Every leader has a different management style. Some leaders react to a situation after it happens in order to reach desired outcome. Some leaders anticipate a situation and plan their actions to reach the desired outcome.
As scrum masters, we can’t always proactively anticipate what can go wrong. From my experience with past projects, we are busy solving the issues of the present, rather than what may happen in the future. Although we inspect and adapt proactively to solve future issues, we still come across many surprising situations that demand a more effective reactive leader.
Let’s take a look at the five REACT roles a scrum master can play to be a REACTive change agent: Reminder, Empathiser, Assessor, Coach, Tactful Leader.
The Scrum Master is a Reminder
You may be thinking, “Do we need a person just to remind people?” Surely this is not the scrum master’s sole responsibility, but a scrum master acting as a reminder is true much of the time. The scrum master can see the big picture and act to motivate the team.
Some instances where a scrum master can act as a reminder are when there are deviations to:
- Agile core values and principles.
- Working agreements.
- Retrospective items.
- Definition of Done (DoD) and Definition of Ready (DoR).
- Team deadlines.
- Information radiator.
- “Work-in-progress” limits.
The goal and intention here is not to remind the team of a deviation, but to remind the team of the negative outcome that can unfold if they do not follow what was learned and agreed upon.
The Scrum Master is an Empathizer
Empathy is an important quality for any modern leader. A scrum master can nurture happy teams if they can sense how the team is feeling physically and mentally.
As an empathizer, the scrum master can help their team in a variety of ways:
- Team members are stretching beyond business hours: Ask them what you can do to achieve work life balance.
- Team members lack a skill and are struggling in silence: Arrange knowledge sessions or external help. Make skill readiness a definition of ready.
- Team members look tired: Ask them if they need a coffee break before proceeding with the meeting.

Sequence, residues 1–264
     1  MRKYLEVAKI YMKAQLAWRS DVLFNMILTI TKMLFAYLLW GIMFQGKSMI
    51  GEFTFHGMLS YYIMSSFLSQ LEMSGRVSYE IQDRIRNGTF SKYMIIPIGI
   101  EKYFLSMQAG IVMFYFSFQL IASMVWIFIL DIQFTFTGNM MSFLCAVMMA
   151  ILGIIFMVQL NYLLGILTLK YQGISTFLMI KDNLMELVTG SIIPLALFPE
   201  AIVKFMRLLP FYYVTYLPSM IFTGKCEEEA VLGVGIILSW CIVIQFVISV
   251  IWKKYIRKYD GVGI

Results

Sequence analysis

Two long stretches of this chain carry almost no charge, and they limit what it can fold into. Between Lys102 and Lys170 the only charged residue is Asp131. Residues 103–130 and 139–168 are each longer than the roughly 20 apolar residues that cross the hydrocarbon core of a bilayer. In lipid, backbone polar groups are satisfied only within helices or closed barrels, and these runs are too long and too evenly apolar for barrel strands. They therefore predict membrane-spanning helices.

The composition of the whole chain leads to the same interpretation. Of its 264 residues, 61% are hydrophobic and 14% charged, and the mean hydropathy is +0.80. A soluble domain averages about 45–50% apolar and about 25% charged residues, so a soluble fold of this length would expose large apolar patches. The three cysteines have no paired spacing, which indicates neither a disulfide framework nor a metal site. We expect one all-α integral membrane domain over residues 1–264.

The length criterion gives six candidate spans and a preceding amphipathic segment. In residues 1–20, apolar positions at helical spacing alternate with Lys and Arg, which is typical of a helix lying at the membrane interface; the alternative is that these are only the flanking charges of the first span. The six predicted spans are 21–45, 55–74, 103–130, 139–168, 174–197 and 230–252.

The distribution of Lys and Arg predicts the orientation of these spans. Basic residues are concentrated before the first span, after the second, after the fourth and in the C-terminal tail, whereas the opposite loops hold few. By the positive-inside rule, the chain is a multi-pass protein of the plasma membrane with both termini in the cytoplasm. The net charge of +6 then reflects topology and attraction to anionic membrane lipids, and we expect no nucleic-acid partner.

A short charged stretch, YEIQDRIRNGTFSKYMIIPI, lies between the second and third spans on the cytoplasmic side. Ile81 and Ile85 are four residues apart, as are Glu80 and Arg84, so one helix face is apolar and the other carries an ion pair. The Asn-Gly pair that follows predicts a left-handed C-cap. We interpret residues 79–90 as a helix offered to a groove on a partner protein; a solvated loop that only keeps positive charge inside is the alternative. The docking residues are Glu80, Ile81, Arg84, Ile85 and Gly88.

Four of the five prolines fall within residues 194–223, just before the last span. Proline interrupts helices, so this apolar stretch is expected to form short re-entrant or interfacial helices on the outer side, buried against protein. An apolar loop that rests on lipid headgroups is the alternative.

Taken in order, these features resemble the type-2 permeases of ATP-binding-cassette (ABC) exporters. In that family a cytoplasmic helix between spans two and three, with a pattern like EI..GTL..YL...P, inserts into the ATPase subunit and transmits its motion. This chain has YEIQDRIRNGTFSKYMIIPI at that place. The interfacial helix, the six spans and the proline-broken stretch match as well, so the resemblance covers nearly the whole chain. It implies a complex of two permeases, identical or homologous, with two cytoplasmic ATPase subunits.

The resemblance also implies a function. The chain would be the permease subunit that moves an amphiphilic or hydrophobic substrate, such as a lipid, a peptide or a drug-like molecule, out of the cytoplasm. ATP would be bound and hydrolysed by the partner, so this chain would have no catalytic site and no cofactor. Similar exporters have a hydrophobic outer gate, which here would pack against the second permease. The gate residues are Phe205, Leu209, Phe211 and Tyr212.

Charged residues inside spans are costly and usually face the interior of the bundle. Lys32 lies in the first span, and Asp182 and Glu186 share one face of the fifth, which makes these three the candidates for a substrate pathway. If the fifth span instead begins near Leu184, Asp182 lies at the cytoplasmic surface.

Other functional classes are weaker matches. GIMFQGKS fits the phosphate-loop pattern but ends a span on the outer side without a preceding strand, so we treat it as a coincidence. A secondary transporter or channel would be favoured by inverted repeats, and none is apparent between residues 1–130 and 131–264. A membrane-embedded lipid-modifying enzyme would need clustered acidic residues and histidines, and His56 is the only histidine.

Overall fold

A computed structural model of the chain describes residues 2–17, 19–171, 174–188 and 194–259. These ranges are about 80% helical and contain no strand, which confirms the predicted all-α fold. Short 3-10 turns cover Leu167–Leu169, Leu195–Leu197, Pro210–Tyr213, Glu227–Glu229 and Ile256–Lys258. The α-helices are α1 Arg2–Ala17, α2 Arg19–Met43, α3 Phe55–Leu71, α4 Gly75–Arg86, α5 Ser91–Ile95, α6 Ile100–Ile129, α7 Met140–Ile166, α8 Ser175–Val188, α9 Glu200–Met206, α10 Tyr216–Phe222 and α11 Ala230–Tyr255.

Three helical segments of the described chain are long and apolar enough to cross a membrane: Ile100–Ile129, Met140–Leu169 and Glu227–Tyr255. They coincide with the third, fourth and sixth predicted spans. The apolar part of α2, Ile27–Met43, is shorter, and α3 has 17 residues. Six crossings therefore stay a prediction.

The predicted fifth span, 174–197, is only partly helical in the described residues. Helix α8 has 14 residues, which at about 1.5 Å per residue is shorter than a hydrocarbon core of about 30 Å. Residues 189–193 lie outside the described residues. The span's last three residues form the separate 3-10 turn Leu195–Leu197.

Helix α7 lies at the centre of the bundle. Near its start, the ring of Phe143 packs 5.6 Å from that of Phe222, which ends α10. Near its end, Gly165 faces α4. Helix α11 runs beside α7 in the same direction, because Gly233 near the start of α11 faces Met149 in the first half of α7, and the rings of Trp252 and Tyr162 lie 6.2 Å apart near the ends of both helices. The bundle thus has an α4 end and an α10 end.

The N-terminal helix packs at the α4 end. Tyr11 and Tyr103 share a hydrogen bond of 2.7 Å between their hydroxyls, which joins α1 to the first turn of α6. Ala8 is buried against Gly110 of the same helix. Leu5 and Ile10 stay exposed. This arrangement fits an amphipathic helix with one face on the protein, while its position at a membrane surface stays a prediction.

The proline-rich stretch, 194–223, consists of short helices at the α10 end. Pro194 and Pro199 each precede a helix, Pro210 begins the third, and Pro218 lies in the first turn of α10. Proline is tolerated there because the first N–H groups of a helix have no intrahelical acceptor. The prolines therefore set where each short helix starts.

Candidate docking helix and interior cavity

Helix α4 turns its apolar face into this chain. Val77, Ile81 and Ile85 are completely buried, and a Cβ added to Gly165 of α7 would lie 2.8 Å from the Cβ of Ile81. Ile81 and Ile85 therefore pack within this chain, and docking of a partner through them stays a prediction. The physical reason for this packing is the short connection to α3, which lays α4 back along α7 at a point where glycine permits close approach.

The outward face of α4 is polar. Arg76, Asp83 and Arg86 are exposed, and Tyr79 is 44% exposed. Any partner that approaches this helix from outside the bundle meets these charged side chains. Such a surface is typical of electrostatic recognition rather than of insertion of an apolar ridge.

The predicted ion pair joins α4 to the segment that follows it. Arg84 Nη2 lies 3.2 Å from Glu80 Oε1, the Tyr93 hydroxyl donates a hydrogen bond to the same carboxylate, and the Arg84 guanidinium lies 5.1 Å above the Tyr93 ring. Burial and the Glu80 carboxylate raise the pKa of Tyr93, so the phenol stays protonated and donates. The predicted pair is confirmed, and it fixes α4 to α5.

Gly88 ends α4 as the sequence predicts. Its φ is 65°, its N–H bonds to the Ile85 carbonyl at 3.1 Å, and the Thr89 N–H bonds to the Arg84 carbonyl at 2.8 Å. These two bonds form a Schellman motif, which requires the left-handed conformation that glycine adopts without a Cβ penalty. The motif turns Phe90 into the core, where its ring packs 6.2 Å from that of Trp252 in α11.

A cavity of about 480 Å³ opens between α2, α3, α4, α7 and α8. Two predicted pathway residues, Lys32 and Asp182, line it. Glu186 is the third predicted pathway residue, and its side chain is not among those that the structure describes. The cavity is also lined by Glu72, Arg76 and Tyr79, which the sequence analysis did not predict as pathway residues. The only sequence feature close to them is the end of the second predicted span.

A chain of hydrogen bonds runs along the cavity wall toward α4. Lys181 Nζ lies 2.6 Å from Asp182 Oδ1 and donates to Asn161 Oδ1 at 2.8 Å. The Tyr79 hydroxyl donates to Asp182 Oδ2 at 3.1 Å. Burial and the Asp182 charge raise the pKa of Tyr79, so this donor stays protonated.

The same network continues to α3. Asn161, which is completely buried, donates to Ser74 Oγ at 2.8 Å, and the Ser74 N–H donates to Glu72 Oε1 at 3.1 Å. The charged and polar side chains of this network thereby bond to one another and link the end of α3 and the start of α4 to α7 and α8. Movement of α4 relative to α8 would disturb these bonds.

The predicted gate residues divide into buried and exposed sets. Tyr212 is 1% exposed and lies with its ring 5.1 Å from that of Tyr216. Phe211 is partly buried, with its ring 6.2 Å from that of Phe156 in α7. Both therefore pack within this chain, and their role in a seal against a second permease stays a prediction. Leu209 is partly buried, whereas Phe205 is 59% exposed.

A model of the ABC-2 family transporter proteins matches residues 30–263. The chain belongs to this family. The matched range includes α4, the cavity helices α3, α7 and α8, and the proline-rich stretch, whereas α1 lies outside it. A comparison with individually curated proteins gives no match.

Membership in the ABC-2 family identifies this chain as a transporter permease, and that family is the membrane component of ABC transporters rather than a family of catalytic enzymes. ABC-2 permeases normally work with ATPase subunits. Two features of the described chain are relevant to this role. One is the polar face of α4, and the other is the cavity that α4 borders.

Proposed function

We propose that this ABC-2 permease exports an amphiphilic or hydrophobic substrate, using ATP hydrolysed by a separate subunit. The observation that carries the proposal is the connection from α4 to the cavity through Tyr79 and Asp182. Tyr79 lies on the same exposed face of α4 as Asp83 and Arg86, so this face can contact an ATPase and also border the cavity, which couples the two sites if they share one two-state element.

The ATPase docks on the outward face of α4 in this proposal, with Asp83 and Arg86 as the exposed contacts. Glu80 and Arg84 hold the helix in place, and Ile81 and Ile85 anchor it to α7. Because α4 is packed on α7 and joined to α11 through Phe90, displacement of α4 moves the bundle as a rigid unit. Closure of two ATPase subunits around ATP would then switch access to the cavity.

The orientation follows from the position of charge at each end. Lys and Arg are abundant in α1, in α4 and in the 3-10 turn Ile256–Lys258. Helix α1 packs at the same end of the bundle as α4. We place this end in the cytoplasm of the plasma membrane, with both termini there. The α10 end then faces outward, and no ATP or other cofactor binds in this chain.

- Team seems fed up and frustrated with the ongoing conflicts or challenges: Facilitate open discussions to understand the issue better and bring high morale at an individual or team level.
- Team members are constantly avoiding the office and calling out sick: Try to find out why and understand their challenges.
By empathizing with the team, you are building mutual trust and also show that you care – not just about timely releases and revenues but also about people who are the foundation of the company.
The Scrum Master is an Assessor
Time after time, we get a sense of what is going wrong and what can be improved, yet we don’t often take a step forward in bringing the issues on to the table for discussion. Assessing and acting upon what can be improved is a prime task toward becoming a continuously improving team. Below are some metrics scrum masters can assess and utilize during retrospectives for continuous improvement:
- Post sprint bugs or bug leakage.
- In-sprint bugs.
- Unplanned leaves in sprint.
- Cycle time of bugs.
- Cycle time of stories.
- Team morale assessment metrics.
- Agile maturity assessment metrics.
- Team say/do metrics.
By providing data of these metrics, a scrum master can help the team to baseline their discussion on the correct topics and encourage data driven culture for collaboration and continuous improvement.
The scrum master is a coach
In most companies, the role of a coach is seen as an external role, when compared to a scrum master. While an external coach can add value for a holistic view of agile/scrum, it is important to note that a scrum master can act as a coach, since they work with the team day in and day out. The scrum master can focus on the team’s day to day trends based on:
- Benefits of WIP (work in progress) limits, TDD (test driven development), automation, reducing technical debt.
- Improving feedback loop efficiency.
- Conflict navigation.
- Surfacing ongoing agile anti-patterns.
The goal and intention here is not to overload the team with information, but to provide just enough detail to resonate with the team’s current maturity level.
A Scrum Master is a Tactful Leader
Every scrum master will face uncomfortable situations where they must give difficult but honest feedback. This may hurt feelings, credibility, and morale of others. It’s important to be tactful in such situations and make sure the message is formulated in a way that helps build relationships and aids continuous improvement. This may be the case when:
- A team member has behavioral issues.
- A manager is resorting to command and control.
- A product owner is not doing the necessary groundwork for the product backlog.
- Tasks are assigned instead of asking for volunteers.
- The manager/PO are not happy with team estimates.
- The team is not willing to challenge themselves.
- The team has low commitment and focus.
In all of the above situations the scrum master needs to be tactful in giving honest, courageous, and constructive feedback to bring in more agile maturity.
Until the team matures by sufficiently internalizing the scrum core values and principles, the scrum master needs to take up the above REACTive roles and simultaneously coach a team. This doesn’t necessarily mean that proactive leaders are not effective – and reactive leadership style may not always be your best fit. It is, however, an effort to bring additional clarity on the scrum master role as not just a facilitator but an agile evangelist.